[root@host02 ~]# service nfs status

     

    rpc.mountd (pid 4985) is running...

    nfsd (pid 4982 4981 4980 4979 4978 4977 4976 4975) is running...

    rpc.rquotad (pid 4941) is running...

     

     

     

    Create ADVM Volume

     

    Create and mount an ASM diskgroup called DIAG supporting all the new ASM Dynamic Volume (ADVM) features included in release 12.1.

     

    SQL>create diskgroup DIAG external redundancy

        disk 'ORCL:ASMDISK014','ORCL:ASMDISK013','ORCL:ASMDISK012','ORCL:ASMDISK011'

        attribute 'compatible.asm'= '12.1','compatible.advm'='12.1';

     

    [root@host01 ~]# srvctl start diskgroup -diskgroup DIAG -n host01,host02

     

    [root@host01 ~]# crsctl stat res ora.DIAG.dg

    NAME=ora.DIAG.dg

    TYPE=ora.diskgroup.type

    TARGET=ONLINE          , ONLINE

    STATE=ONLINE on host01, ONLINE on host02

     

    Create a volume VOL1 in the DIAG disk group having a size of 300 MB

     

    [grid@host01 root]$ asmcmd volcreate -G DIAG -s 300m VOL1

     

    Since ADVM/ACFS utilize an ASM proxy instance to connect to Flex ASM, an ASM proxy instance must be running on each hub node that can host HANFS services.

     

    Let us check that ASM PROXY instance is running in both the nodes.

     

    [root@host02 ~]# srvctl status asm -proxy

    ADVM proxy is running on node host01,host02

     

    Take note of the volume device associated with volume VOL1

     

    [root@host02 ~]# srvctl start volume -volume VOL1 -diskgroup DIAG 

    [root@host02 ~]# srvctl status volume -all

    Volume VOL1 of diskgroup DIAG for device /dev/asm/vol1-260 is enabled

    Volume VOL1 of diskgroup DIAG for device /dev/asm/vol1-260 is running on nodes: host01,host02

     

    [grid@host01 tmp]$ asmcmd volinfo -G DIAG VOL1 |grep Device

             Volume Device: /dev/asm/vol1-260

     

     

    Create and start a cloud file system resource

     

    Construct an ACFS file system on the volume VOL1.

     

     

    [root@host01 ~]#  mkfs -t acfs /dev/asm/vol1-260

     

    mkfs.acfs: version                = 12.1.0.2.0

    mkfs.acfs: on-disk version        = 39.0

    mkfs.acfs: volume                 = /dev/asm/vol1-260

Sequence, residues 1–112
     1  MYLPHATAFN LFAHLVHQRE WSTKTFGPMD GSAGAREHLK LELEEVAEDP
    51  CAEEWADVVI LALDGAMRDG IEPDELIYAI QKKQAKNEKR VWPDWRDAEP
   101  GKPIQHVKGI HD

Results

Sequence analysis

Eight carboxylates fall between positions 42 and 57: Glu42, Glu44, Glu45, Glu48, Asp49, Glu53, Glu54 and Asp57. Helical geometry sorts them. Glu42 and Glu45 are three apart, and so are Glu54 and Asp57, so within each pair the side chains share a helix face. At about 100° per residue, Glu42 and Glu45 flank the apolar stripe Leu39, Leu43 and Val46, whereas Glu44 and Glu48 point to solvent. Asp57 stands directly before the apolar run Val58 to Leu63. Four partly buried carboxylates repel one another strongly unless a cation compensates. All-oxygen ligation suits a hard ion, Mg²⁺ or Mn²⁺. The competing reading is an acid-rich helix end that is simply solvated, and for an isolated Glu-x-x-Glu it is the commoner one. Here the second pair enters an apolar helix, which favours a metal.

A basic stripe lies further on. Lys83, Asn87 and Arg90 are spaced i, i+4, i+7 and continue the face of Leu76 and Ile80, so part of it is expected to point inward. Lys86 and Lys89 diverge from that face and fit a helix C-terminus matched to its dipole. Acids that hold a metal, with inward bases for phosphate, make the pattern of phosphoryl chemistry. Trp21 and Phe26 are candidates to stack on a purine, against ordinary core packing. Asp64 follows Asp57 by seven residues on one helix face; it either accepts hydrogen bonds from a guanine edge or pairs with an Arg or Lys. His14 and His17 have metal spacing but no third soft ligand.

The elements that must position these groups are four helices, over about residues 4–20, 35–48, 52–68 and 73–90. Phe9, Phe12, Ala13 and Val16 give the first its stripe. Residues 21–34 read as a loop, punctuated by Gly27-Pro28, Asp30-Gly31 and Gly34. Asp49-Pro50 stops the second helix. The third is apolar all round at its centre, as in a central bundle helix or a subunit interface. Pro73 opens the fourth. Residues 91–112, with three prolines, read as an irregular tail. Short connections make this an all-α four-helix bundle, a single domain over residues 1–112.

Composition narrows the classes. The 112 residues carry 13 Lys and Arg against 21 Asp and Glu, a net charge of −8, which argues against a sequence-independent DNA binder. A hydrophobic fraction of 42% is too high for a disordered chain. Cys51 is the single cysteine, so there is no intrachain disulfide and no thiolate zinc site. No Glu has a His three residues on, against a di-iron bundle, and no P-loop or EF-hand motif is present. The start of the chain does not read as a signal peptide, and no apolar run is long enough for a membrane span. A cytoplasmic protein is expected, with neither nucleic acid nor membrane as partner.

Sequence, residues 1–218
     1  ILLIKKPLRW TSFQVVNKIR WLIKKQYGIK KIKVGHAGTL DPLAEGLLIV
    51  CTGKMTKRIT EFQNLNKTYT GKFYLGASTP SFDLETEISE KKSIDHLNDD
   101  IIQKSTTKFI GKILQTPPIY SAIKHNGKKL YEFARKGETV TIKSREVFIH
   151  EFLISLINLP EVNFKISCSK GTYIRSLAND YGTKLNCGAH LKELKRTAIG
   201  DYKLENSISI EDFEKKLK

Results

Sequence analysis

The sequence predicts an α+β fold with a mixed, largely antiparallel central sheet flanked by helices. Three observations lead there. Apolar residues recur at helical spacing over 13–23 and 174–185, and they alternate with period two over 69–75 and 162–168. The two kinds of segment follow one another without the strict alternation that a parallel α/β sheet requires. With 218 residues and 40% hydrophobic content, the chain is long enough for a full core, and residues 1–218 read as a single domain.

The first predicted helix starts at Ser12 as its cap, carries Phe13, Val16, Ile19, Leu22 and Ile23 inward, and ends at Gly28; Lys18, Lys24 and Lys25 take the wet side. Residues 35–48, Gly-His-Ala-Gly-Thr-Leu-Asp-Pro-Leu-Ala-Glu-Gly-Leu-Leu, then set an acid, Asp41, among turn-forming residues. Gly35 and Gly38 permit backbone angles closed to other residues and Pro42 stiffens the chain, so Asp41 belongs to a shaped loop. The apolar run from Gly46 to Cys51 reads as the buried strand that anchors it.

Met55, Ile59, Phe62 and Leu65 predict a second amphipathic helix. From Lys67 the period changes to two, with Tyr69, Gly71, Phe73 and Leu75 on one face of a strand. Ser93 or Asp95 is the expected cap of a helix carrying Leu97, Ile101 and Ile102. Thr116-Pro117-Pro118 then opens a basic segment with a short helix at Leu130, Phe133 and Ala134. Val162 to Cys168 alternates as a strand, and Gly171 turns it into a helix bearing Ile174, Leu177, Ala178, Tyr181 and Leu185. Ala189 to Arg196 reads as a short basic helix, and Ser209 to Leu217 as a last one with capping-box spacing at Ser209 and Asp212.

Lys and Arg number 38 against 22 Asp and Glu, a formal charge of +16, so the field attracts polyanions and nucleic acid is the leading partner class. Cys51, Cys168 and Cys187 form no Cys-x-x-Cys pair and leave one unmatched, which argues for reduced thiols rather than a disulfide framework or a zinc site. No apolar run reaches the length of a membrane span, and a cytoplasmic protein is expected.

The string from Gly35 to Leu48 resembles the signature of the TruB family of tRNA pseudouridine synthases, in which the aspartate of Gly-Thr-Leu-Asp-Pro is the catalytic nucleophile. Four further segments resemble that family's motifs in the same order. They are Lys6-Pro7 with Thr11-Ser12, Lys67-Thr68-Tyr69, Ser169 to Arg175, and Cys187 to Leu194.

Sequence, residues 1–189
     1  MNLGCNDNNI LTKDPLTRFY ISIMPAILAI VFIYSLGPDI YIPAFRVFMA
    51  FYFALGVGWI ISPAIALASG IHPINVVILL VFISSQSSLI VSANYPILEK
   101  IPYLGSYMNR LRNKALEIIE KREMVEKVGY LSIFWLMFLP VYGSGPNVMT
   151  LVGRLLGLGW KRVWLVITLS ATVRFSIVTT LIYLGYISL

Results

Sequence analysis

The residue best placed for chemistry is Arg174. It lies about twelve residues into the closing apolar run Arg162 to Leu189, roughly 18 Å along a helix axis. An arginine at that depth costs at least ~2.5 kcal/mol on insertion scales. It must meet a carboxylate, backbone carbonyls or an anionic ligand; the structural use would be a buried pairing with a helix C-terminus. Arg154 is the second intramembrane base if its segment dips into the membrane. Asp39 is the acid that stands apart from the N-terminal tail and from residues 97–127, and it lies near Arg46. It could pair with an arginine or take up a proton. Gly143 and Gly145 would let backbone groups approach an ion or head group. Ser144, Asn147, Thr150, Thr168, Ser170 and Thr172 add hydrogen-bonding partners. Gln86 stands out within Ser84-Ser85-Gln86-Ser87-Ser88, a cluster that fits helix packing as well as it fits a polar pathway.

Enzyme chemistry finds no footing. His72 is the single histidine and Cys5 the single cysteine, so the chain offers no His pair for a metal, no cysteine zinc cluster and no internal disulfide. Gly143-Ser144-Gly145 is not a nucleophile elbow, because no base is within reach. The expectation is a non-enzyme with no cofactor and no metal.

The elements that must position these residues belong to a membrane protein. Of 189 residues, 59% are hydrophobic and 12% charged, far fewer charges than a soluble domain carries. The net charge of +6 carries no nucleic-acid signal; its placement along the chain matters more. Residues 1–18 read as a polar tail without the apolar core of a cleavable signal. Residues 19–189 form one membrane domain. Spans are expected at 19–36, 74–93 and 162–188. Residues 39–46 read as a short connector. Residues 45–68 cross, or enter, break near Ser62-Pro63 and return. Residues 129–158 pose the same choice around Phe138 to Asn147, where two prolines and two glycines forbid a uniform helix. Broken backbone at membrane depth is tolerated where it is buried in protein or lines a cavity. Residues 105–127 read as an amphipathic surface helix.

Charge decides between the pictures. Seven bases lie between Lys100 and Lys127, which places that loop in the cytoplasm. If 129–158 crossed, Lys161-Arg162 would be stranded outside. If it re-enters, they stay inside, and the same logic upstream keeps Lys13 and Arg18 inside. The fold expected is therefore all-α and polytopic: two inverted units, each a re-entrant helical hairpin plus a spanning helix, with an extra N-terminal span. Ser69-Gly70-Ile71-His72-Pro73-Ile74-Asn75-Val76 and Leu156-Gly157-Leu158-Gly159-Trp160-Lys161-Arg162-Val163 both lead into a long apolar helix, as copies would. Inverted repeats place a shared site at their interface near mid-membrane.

mkfs.acfs: volume size            = 335544320  ( 320.00 MB )

    mkfs.acfs: Format complete.

     

     

    Create mount point on both the nodes for mounting the ACFS file system

     

    root@host01 ~]# mkdir -p /mnt/acfsmounts/acfs1

                    

    root@host02 ~]# mkdir -p /mnt/acfsmounts/acfs1

     

     

    A cloud  file system is an Oracle Clusterware resource that you want to expose through HANFS. Let us create a cloud file system resource which will be used to store ADR. This resource uses the volume device VOL1  along with the mount point /mnt/acfsmounts/acfs1. Starting the cloud file system resources results in mounting of the file system on both the nodes.

     

     

    [root@host01 ~]# srvctl add filesystem -m /mnt/acfsmounts/acfs1 -d /dev/asm/vol1-260

                   

                     srvctl start  filesystem -d /dev/asm/vol1-260

     

                     srvctl status  filesystem -d /dev/asm/vol1-260

    ACFS file system /mnt/acfsmounts/acfs1 is mounted on nodes host01,host02

     

     

    Configure an HAVIP resource

     

    The HAVIP resource is a special class of the standard Oracle node VIP Oracle Clusterware resource. Each HAVIP resource manages a unique IP address in the cluster on a single node at any time, and this global resource will be relocated to an active node in the cluster as necessary with the objective of providing uninterrupted service of NFS exported paths to its client(s).

     

    Create an HAVIP resource called havip1 on a non-pingable , non-DHCP IP  address 192.9.201.184 which will be later employed to export the ADR to the clients.

     

    [root@host01 ~]# srvctl add havip -address 192.9.201.184 -id havip1

     

    [root@host01 ~]# srvctl config havip -id havip1

     

    HAVIP exists: /havip1/192.9.201.184, network number 1

    Description:

    Home Node:

    HAVIP is enabled.

    HAVIP is individually enabled on nodes:

    HAVIP is individually disabled on nodes: